Remembering the Forgotten: The Women of the Revolt of 1857
It has been 159 years since the Revolt of 1857. While it is often seen as the 'First War of Independence' by some, others see it only as a rebellion against the East India Company for destroying a way of life that had been prevalent in the subcontinent for centuries. Either way, the Revolt was a landmark moment in modern Indian history.
Many people fought for what they believed was right in the Revolt. While the number of men fighting outnumbered the women by far, there were many women who stood shoulder to shoulder with men when they rode into battle. If they didn't ride into battle, they aided those who did. For some reason, the names of these women often elude the pages of history or don't get enough credit even when they are mentioned.
Rani Laxmibai of Jhansi
The most well-known woman of the Revolt was actually born Manikarnika, and was nicknamed Manu. She was named Laxmibai after marriage, and was commonly known as the Rani of Jhansi. In 1854, her adopted son, Damodar Rao, was not allowed to succeed her husband because of the British East India Company's Doctrine of Lapse. Through 1857, Jhansi was still peaceful. It was in 1858, when the British arrived and demanded the city be surrendered, that the Rani proclaimed that she would fight for independence. According to legend, she escaped with her son on horseback when the British gained the upper hand in the fight. From outside, the Rani continued to fight along with allies like Tatya Tope. On June 17, 1858, Rani Laxmibai of Jhansi reportedly died in battle.
Begum Hazrat Mahal
The primary cause of the Revolt was the annexation of Awadh by the British on the pretext of maladministration by Nawab Wajid Ali Shah. When the Revolt began, Begum Hazrat Mahal led her followers against the British while she ruled Awadh as regent. The longest resistance to the British was given by the Begum. She commanded the largest army of rebels in the Revolt, and rejected three offers of truce by the British, who even offered to return the kingdom to her husband under British suzerainty. She continued to fight for complete independence for as long as she could. When the British came out on top in the Revolt, she found asylum in Nepal, where she died in 1879.
Rani Avantibai Lodhi of Ramgarh
Avantibai was yet another Rani who took up arms after the British took over her husband's kingdom when he died without leaving an heir. She was able to raise an army of 4,000 to fight the British. According to some sources, she personally entered the battlefield on horseback. After a few months of fighting, when defeat was certain, Rani Avantibai is said to have killed herself with her own sword.
Rani Jindan Kaur
In 1846, the British, through a treaty, became the effective rulers of Punjab. The queen of the Lahore kingdom, Rani Jindan Kaur, continued to quietly resist the British in subtle ways. When the British found out, she escaped before they could act. During the Revolt, Rani Jindan Kaur was in exile in Nepal, from where she sent coded letters to the Maharaja of Kashmir, urging him to take part in the rebellion and informing him of a plan of a two-pronged attack involving him and Jung Bahadur. However, these letters were intercepted by the British, and the plan never reached fruition. After this, her health failed, and she was allowed by the British to live in England with her son, Maharaja Dalip Singh, where she died in 1863.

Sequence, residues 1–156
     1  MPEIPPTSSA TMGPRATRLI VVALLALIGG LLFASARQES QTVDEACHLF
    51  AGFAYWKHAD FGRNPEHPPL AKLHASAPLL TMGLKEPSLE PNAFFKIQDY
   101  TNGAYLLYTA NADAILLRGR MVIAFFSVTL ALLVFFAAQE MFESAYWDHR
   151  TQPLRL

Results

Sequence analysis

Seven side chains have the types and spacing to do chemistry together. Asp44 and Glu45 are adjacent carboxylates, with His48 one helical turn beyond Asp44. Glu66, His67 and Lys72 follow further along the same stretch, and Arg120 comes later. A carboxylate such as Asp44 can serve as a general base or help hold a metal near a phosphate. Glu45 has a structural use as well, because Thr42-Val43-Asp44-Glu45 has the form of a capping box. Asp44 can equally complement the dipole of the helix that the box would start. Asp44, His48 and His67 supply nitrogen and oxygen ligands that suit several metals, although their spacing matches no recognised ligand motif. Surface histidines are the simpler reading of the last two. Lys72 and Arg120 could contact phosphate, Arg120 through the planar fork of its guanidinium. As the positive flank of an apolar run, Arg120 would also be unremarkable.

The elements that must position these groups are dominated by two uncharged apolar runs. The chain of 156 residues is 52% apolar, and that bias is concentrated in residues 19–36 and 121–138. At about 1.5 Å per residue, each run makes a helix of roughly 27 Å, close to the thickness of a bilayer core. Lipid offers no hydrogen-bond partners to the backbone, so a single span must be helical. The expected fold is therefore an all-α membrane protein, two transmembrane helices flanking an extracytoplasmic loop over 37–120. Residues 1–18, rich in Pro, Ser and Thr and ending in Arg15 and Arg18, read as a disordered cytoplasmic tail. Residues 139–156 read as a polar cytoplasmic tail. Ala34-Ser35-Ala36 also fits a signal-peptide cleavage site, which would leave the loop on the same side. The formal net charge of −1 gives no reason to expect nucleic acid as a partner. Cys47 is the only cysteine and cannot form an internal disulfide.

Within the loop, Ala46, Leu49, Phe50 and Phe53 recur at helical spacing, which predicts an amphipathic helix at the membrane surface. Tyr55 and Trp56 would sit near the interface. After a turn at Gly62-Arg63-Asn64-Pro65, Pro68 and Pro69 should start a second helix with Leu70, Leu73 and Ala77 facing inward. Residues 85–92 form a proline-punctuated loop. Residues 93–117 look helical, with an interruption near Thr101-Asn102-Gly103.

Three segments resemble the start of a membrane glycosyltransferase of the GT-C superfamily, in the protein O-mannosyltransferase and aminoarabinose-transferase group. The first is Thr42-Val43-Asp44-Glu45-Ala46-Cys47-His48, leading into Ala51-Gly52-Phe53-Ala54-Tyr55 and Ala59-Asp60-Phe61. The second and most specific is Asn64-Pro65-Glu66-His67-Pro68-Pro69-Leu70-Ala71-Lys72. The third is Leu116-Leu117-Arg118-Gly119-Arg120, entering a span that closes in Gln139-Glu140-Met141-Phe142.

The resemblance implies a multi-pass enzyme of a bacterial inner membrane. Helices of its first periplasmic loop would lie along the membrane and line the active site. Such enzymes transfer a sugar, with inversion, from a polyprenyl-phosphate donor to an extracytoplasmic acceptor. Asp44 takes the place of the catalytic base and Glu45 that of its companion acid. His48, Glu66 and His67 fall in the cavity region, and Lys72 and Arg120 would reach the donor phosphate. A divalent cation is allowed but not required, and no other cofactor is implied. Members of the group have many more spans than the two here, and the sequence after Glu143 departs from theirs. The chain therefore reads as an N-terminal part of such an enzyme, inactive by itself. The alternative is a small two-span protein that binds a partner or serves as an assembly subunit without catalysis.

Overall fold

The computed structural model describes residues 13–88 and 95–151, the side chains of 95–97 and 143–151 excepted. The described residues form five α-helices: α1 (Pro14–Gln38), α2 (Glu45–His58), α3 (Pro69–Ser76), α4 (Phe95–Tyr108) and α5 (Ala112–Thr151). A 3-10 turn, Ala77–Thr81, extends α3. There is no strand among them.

Not much is known about Asghari Begum. According to some sources, she was born in 1811, and was around 45 years old at the time of the Revolt. She is said to have played an important role in fighting the British in present day western Uttar Pradesh. She was eventually captured by the British in 1858, and supposedly burned alive.
Despite being only a soldier in the ranks of Rani Laxmibai, Jhalkaribai played an important role in the Revolt. Her father raised her as a boy, and she received training in horse-riding, archery, and swordplay, which helped her be a part of the Durga Dal – the women's brigade of Jhansi. Jhalkari resembled Rani Laxmibai, and the latter used this to come up with a smart strategy to fight the British. Jhalkari dressed up as the Rani and led the troops into battle. The British received a shock when they caught her and realised who she was. Legend says that they released her, and she went on to live till 1890.
Uda Devi is one of those women of the Revolt about whom we mainly know through legend. It was in the Battle of Sikandar Bagh in Lucknow in November 1857 that the British realised that the person firing at them from a tree was a woman. She was identified as Uda Devi from the Pasi caste, which was considered to be untouchable. According to a personal account, she killed more than half-a-dozen men.
Azizun Bai was a courtesan in Kanpur, which was a theatre of conflict between Nana Sahib and Tatya Tope on one side, and the British on the other. Her house became a meeting point for the rebel soldiers, and she made a gun battery her headquarters to collect and distribute arms and ammunition to the soldiers. She is also said to have ridden into battle in male attire.
A woman called Habiba, supposedly from a Muslim Gujjar family, fought in several battles against the British in the Muzaffarnagar area. When the British won, she was hanged along with 11 other female rebels. She was supposedly only 25 years old at the time.
Other names of women of the Revolt are known through personal accounts and legends. Asha Devi, Bakhtavari, Bhagwati Devi Tyagi, Indra Kaur, Jamila Khan, Man Kaur, Rahimi, Raj Kaur, Shobha Devi, Umda – these are only names, and not much else is known about them. These women stood up and fought for what they believed in 159 years ago, in a time when women were barely recognised as anything other than mothers, wives, or daughters. Let's give them the respect that history has not always given them.